A quality that is peculiar to the gospel of Mark is the lack of stories of the appearances of the risen Lord. The gospel this Sunday is actually considered to be added on at later time. Mark’s emphasis is to see the risen Christ reflected in discipleship which is part of the mission of the Church in the world.
The gospel of Mark was likely written to Christians who experienced the persecution of Nero and knew more was on the way. The invitation by Jesus here is to go to all the world, to the whole creation. To do this, the disciple needs a strong sense of mission or “being sent.”
In the Acts of the Apostles, it is important for Jesus to depart before the Holy Spirit is given in this profound way on the feast of Pentecost. The attention must be re-directed from the sky to the community of faith and beyond. This is also about Jesus surrendering the mission to the community. The time Jesus spent with the disciples as risen Lord was a continuation of preaching about the kingdom of God. The difference could have been the way the disciples heard the message.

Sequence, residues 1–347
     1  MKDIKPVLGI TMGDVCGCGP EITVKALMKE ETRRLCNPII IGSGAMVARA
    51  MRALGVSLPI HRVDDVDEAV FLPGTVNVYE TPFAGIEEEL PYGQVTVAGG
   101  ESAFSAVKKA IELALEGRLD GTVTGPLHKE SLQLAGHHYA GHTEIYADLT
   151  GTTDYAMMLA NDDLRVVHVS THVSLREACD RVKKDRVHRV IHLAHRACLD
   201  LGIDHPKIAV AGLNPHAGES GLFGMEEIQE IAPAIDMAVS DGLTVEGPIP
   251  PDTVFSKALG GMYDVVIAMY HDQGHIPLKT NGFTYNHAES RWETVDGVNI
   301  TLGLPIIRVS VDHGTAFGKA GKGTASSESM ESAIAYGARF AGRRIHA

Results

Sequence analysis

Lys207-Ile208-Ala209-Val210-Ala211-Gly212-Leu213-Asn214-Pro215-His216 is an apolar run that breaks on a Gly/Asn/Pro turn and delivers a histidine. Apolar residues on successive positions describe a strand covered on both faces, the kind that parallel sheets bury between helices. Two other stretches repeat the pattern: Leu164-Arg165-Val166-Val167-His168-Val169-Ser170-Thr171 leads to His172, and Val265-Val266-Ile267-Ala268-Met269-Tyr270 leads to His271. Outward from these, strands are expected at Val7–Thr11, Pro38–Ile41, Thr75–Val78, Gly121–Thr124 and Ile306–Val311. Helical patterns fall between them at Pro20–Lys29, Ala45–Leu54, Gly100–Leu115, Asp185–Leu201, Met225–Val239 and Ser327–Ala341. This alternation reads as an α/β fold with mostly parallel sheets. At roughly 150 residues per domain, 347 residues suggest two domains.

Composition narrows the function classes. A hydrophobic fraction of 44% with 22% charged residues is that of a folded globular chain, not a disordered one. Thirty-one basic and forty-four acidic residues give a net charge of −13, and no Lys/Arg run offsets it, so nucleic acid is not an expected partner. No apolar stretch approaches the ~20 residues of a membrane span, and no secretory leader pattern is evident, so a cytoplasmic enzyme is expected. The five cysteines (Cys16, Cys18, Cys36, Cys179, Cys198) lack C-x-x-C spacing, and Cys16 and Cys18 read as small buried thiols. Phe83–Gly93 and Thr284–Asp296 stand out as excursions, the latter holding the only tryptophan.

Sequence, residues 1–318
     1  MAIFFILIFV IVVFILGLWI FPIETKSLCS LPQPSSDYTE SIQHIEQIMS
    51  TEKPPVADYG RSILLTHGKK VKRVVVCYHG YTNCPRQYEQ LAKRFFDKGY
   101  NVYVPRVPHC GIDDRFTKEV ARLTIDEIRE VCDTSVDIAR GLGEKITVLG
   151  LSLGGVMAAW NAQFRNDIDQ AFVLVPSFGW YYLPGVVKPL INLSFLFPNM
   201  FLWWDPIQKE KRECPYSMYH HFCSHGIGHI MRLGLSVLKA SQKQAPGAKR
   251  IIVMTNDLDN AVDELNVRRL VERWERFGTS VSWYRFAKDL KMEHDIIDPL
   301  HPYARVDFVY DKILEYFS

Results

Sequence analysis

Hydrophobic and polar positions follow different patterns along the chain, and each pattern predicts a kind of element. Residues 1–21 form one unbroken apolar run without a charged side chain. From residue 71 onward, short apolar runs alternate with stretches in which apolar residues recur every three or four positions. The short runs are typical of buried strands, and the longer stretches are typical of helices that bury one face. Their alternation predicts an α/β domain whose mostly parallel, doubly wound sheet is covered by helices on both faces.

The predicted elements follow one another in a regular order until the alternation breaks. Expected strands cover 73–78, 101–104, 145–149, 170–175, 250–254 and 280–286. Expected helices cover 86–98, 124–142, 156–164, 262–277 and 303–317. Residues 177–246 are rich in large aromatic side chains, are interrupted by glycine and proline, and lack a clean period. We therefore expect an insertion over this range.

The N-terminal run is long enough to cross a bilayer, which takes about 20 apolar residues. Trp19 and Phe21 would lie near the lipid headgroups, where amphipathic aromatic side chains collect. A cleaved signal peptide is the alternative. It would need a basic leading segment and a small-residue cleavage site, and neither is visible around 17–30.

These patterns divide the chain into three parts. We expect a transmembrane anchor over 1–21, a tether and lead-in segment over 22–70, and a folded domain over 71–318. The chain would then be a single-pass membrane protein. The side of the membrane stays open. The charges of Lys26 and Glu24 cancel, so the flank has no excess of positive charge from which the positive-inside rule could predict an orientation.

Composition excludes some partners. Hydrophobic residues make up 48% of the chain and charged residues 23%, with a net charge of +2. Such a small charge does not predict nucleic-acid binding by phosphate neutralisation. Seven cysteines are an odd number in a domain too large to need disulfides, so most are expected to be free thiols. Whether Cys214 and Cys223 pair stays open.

The Ascension of Jesus is about the power of change and the possibility of transformation, about a God who was willing to reach out to humanity and bring us into divinity. St. Augustine put it this way…
Although Jesus ascended alone, we also ascend because we are in him by grace.